Dogs are amazing creatures. Not only can they provide companionship and protection, they can settle into a home and become part of the family. For people battling an illness, having a dog doesn’t always align with treatment schedules and recovery. However, there are people out there with specially trained therapy dogs who ensure that the fight against illness doesn’t have to be fought without a furry angel by their side.
Therapy dogs are service animals that bring comfort and relief to people dealing with long- term illness or depression. Research suggests that dogs stimulate a positive emotional response from patients, helping raise their spirits and stabilize their mood. They also provide a welcome distraction from the frustrations of treatment, worry, and depression. The emotional benefits are a plus, but there’s mounting evidence that dogs are helping people on a physical level as well. The website cancercenter.com notes that new studies are showing physical responses in additional to the emotional benefits, including decreased anxiety, lower blood pressure, and the release endorphins for elevated mood.
While the physical responses are promising, the primary goal for therapy dogs is to help raise spirits and reduce stress. These specially trained animals do just that, spreading love and joy to hospitals across the country. Yet their hard work goes beyond hospital rooms.
“Therapy dogs help people in so many settings,” Chris Mangrich, trainer at It’s A Dog’s World K-9 Academy, says. “While their work in hospitals is important, they can also serve people outside of that. I’ve trained dogs who have gone on to work in convalescent homes, senior centers, and even at a counseling office on a college campus.”
So what makes a therapy dog different from any other dog? Mangrich has been training dogs for eleven years and training therapy dogs for six, and notes that therapy dogs are built on temperament. Dogs born with an inherent calmness and even-keeled personality are prime candidates for therapy dog training. Mangrich has screened and trained several therapy dogs over the years, but every so often she’ll suggest therapy training to clients who have a dog that fits the profile.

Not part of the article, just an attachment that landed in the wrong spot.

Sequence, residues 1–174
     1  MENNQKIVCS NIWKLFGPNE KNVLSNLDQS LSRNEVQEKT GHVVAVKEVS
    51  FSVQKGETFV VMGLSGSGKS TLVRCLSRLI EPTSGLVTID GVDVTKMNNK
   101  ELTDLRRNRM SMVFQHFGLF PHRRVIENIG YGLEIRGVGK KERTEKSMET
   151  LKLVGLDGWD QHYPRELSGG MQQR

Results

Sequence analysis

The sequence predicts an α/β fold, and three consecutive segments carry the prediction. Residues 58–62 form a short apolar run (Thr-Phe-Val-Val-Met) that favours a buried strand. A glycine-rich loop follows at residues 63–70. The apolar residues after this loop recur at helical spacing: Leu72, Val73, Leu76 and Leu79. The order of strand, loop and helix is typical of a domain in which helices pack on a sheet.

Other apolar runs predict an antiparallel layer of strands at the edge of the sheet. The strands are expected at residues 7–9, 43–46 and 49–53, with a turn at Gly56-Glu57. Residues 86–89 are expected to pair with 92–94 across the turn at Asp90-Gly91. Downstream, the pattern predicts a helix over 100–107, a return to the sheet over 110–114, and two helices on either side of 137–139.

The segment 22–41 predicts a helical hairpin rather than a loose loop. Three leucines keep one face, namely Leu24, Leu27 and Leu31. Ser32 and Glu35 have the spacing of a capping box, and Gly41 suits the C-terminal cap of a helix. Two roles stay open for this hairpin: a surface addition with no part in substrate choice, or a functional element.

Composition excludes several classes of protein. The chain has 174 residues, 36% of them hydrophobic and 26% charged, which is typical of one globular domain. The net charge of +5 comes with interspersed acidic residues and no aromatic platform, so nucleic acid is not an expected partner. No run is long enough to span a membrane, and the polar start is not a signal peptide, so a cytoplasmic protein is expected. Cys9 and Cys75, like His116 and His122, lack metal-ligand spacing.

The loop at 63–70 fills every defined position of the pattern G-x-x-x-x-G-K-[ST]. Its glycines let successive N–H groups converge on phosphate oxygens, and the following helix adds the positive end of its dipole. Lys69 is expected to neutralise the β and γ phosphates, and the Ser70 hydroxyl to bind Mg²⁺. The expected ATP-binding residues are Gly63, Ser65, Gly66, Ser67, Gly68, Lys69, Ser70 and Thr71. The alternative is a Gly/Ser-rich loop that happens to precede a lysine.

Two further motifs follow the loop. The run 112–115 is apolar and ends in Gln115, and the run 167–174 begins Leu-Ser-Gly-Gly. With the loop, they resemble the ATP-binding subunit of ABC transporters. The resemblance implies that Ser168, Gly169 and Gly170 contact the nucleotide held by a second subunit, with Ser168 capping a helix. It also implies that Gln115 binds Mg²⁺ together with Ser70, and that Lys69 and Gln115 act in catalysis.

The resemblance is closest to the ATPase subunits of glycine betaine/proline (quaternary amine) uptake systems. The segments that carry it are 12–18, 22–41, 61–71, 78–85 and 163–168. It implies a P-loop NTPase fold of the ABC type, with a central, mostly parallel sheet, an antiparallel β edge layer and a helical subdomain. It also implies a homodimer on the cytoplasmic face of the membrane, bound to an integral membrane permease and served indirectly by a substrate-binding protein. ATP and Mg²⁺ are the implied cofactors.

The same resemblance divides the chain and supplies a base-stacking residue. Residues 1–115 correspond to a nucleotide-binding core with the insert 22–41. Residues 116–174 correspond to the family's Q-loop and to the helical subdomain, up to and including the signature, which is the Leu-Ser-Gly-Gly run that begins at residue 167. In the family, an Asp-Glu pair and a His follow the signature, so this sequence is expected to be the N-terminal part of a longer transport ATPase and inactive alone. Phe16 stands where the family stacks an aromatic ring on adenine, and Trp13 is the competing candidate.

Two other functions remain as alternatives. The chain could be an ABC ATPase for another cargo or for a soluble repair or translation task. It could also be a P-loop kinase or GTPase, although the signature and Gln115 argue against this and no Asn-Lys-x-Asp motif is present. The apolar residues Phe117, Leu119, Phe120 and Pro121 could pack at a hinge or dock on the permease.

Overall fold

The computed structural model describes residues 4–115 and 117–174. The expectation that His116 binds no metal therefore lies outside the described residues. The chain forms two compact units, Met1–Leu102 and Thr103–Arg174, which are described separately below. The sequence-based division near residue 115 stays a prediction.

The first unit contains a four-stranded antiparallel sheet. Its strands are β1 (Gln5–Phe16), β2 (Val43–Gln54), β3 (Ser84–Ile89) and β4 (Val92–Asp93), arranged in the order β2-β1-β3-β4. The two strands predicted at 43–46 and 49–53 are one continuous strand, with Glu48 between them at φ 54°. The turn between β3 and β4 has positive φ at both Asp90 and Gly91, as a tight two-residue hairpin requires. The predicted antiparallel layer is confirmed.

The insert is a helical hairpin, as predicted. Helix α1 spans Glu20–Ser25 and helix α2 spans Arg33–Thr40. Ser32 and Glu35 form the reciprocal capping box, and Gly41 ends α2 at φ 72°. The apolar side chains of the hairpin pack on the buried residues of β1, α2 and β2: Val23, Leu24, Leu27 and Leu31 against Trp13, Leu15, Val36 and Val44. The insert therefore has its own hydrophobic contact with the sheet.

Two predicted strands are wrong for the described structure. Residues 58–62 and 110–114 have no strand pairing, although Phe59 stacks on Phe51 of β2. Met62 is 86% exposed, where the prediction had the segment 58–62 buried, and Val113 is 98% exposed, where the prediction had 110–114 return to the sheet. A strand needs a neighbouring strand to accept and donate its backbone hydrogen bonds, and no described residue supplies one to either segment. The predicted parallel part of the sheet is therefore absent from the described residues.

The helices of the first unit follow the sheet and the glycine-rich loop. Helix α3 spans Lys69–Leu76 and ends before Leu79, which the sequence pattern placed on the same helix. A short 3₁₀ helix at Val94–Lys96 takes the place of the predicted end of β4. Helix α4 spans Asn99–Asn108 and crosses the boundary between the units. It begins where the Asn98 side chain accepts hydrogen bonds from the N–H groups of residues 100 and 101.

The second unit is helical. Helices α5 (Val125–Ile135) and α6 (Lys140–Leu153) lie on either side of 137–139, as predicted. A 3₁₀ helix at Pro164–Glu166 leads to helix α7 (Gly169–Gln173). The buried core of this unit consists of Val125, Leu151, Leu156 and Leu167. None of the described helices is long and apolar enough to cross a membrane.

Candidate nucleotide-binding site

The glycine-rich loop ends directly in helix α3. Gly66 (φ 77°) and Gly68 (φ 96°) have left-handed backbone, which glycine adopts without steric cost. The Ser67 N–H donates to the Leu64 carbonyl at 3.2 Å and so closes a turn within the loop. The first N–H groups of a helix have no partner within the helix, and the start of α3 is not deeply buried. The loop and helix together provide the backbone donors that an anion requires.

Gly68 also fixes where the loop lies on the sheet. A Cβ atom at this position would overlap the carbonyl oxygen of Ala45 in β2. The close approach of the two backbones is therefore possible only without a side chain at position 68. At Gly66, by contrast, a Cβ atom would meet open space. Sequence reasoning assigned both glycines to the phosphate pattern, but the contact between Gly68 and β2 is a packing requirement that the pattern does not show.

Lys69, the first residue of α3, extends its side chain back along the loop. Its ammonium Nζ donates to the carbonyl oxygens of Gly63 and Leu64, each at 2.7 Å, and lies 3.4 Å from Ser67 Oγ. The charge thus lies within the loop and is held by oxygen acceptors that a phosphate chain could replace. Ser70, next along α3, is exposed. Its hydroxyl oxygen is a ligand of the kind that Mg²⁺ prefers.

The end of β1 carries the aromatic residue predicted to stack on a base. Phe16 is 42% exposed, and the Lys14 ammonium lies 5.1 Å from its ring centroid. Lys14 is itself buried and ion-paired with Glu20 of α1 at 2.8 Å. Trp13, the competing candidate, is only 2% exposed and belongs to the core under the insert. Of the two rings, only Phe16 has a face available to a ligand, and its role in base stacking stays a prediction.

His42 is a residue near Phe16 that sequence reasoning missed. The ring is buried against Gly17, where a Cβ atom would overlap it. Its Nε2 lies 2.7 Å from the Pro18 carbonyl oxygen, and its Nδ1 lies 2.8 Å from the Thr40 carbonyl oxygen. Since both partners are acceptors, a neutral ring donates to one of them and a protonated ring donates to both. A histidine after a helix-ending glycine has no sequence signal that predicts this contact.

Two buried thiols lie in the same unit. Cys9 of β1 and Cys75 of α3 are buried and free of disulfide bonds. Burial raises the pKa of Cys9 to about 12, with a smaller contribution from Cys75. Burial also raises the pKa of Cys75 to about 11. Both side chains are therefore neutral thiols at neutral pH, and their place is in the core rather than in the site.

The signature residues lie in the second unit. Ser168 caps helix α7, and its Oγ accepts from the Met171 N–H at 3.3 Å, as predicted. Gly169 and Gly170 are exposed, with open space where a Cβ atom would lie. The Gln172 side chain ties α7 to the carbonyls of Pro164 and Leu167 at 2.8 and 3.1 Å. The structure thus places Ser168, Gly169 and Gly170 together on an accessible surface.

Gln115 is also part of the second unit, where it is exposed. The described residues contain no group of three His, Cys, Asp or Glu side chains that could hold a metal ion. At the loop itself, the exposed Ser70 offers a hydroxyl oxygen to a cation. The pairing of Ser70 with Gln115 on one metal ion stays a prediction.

“If you have a dog that loves people and moves through basic training easily, they may be a good fit for therapy training,” Mangrich says.
For Mangrich, the training process starts with Basic Obedience then moves through the Canine Good Citizen testing, which mimics the first wave of Therapy Dog certification. Mangrich will continue to work with a dog and ensure they are not distracted by noises and can be friendly even in stressful situations. Once the dog is prepared, he goes to test for his Therapy Dog certificate and if he passes, becomes eligible to start working as a service dog.
Mangrich adds, “I love working with these dogs because in the end it’s helping people feel good again, and providing a sense of comfort when they need it most.”
Furry angels are important to people in many different environments, and are yet another example of how dogs can bring comfort and joy into the lives of humans.